2 users thanked author for this post.
    • #1925179 Reply

      Da Boss

      UPDATE: From Barb Bowman:

      The reply from Microsoft referring to a Windows Update to fix @surface pro 4 bricked type covers due to corrupted firmware has been edited and the reference to a future update has been removed

      1 user thanked author for this post.
    • #1925281 Reply

      AskWoody Lounger

      Thin and light devices have their problems with issues. This might be more a firmware mess up. But Apple and Microsoft have some pretty bad surveys showing their reliability close to the bottom. Both companies seem to have lost their mojo in building good products.

      • This reply was modified 3 weeks, 4 days ago by  John.
      • #1926181 Reply


        It’s more like they are engineered right at the warranty period curve that the warranty engineers have established empirically using lower grade parts. So that’s devices that are mass  produced in such volumes that there is sufficient savings to be had in lowering the build quality for the OEM(MS) and simply replacing the defective units is found to be less costly compared to offering better build quality. So the Bean counters and their actuarial calculations are targeting the lowest costs at the lowest quality that they can get away with.
        And the one cost that those Bean Counters do not have to factor in the lost productivity of any Surface end users that may be using the Surface for business usage. I’d rather go with a good business grade laptop if I where on the road than risk my device becoming unusable when it’s actually needed the most for some presentation that needs to be finished by a deadline.

        If one purchases a quality Business Grade laptop with the Pro variants of the CPUs that’s used in the laptop makes and models of choice for most of the big enterprise IT departments then those laptops usually ship with the better Motherboard parts etc. Most business grade CPUs and Laptops come with at least 3 year warranties as standard so the devices’ warranty engineers have no choice but to make the laptop’s/device’s design engineers make use of the better grade Motherboard/other components with the higher MTBF(Mean Time Between Failure)  in order meet that 3 year warranty curve.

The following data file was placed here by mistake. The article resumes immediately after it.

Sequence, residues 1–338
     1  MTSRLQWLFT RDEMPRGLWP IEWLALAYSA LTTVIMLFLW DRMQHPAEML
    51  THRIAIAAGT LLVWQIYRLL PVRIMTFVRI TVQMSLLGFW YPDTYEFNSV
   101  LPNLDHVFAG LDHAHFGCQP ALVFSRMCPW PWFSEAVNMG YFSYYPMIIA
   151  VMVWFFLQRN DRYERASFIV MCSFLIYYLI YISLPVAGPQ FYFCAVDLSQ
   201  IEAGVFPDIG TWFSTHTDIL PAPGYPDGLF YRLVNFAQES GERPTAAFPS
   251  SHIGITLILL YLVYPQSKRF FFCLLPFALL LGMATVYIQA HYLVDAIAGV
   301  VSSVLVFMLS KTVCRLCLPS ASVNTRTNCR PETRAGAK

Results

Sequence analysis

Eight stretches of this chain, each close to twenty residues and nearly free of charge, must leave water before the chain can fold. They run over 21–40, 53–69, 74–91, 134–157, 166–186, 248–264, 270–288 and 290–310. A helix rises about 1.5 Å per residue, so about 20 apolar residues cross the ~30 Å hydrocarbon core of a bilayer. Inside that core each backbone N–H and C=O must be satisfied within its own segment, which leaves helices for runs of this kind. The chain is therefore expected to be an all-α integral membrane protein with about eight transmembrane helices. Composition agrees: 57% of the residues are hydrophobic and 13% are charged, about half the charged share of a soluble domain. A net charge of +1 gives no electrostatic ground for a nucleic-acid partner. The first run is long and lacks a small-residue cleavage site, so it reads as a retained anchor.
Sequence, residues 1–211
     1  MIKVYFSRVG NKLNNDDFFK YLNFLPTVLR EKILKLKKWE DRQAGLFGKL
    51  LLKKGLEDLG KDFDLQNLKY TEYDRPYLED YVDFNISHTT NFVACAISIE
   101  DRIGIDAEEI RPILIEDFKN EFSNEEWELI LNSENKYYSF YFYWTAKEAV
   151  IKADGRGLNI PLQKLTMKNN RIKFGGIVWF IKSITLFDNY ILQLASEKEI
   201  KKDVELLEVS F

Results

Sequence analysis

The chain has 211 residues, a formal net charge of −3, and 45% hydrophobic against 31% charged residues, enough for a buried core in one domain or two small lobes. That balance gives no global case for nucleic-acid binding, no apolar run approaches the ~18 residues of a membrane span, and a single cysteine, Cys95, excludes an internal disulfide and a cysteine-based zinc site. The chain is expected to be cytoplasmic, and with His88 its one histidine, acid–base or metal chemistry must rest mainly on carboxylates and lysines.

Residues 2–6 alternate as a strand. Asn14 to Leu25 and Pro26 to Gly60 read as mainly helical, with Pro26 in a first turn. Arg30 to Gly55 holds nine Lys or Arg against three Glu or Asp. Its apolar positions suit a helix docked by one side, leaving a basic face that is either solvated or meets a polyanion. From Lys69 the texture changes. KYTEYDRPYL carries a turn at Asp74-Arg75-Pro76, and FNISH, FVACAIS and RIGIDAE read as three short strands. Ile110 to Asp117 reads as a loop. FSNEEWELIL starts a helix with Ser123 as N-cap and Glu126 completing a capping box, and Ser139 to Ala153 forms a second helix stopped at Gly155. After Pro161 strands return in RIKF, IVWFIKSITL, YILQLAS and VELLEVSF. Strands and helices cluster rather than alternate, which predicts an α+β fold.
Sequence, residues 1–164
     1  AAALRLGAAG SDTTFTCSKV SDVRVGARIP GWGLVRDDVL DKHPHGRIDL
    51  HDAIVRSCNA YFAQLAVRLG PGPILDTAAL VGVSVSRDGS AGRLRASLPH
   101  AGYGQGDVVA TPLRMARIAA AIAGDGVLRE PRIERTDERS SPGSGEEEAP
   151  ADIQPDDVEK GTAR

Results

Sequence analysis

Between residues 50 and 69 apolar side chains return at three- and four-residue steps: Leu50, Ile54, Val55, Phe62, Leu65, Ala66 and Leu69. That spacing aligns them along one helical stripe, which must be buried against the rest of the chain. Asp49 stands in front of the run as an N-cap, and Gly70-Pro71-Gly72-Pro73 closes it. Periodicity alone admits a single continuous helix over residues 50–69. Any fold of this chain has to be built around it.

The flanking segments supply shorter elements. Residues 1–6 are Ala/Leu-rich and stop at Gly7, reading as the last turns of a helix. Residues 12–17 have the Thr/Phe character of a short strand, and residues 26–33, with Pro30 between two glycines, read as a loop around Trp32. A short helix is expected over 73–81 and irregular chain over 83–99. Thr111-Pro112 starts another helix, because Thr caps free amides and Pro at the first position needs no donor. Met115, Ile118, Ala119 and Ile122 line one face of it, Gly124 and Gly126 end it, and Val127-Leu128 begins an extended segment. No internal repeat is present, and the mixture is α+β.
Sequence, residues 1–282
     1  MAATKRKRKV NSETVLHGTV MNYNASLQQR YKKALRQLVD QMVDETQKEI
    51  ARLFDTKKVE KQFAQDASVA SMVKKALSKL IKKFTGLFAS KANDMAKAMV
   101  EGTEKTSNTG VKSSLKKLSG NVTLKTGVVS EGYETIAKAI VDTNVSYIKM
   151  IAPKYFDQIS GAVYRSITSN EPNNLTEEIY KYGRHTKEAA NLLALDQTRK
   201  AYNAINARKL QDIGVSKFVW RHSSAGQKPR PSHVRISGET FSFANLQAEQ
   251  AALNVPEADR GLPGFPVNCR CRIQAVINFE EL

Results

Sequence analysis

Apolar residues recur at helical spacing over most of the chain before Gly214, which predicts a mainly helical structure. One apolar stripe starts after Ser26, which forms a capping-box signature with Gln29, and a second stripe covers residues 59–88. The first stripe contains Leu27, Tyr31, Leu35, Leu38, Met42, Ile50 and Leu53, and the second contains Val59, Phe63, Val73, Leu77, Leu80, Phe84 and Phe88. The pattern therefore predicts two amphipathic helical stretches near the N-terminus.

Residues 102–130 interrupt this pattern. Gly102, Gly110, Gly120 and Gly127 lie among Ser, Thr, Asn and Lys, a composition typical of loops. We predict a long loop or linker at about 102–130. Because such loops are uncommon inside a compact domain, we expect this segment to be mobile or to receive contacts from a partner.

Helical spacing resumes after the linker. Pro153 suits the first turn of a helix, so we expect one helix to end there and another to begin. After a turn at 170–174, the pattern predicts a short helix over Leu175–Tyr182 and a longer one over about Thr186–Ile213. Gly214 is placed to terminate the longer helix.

So maybe consumers should also look for the very same laptop makes and models of Business Grade laptopa as that’s what I did and my laptop has a socketed CPU and replaceable battery as well as a CD/DVD drive.

        And the newer  Ultrabook/thin and light laptops are not as serviceable and are of some inferior build quality as well compared to the pre-ultrabook business grade laptops of the past. Tablets are nice but really they can not replace a full featured laptop that’s actually Business Grade and the IT departments that service thousands of these laptop devices are very good at only choosing the better designs/brands with the longest service lives and that are more serviceable in-house. That’s why the older Thinkpads and other devices are still sought after even today.

        If you are purchasing an Intel Laptop or and AMD laptop Look for the CPU SKUs that are used in the business grade laptops and AMD actually has a business grade Pro APU/CPU branding while for Intel one has to look for the CPU SKU with all that VPro and other business grade features listed as supported. Now for most Intel socketed CPU based Motherboards, even in laptops, it’s not possible to upgrade the CPU beyond the generation of CPU that’s matched with the specific Motherboard generation that matches the CPU. But for AMD their Motherboards support the Same MB chipsets/socket form factor across multiple CPU/APU generations. So if one is fortunate enough to find a laptop that is socketed(Usually that’s portable workstations) then if they ever offer AMD’s AM4 socket then it may be possible to upgrade beyond a single CPU/APU generation without having to replace the motherboard. That is if the Laptop’s/Portable Workstation’s OEM has that whitelisted for the end user to be able to do.

        I’m still using my HP Probook  of the Ivy Bridge Intel(core i7 3632QM) 3000QM/3000M series generation and I could upgrade to a more powerful CPU, and there is 7 more Mobile Laptop 3000 series parts above that. And I could upgrade the laptop to a i7 3840QM and and that processor has 2MB more of L3 cache, 8MB up from 6MB on the i7 3632QM. And these processors are a bit more powerful than any of the first few generation of Ultrabook grade CPU parts that shipped after Ivy Bridge generation Intel CPUs. And the HP Probooks of that generation also can have the CD/DVD drives swapped out with a Hard Drive Caddy and give the laptop a second SATA drive.

        The HP 4540s even has plenty of online tear-down/repair videos and an actual video that upgrades the CPU and swaps the Hard-drive for an SSD drive with the video’s producer also installing windows 10 if that’s what is desired. The parts if still available are very low cost for new parts such as CPUs, motherboards, etc. And there are plenty more parts available for business grade laptops than consumer grade variants. Business/Sever grade CPUs have extended spare parts availability guarantees so the end users are assured of at lest 2+ years of actual parts production from the processor makers. So poor is the overall quality of those Ultrabool/thin and light laptops that more folks are just looking for the older pre-Ultrabook generation of laptops and if the older laptop is more upgradable then the cost of new parts is a good bargain as well.

    • #1925711 Reply

      Paul T
      AskWoody MVP

      This old adage seems appropriate:
      You can only have 2 of the 3 options, light, robust and cheap.

      cheers, Paul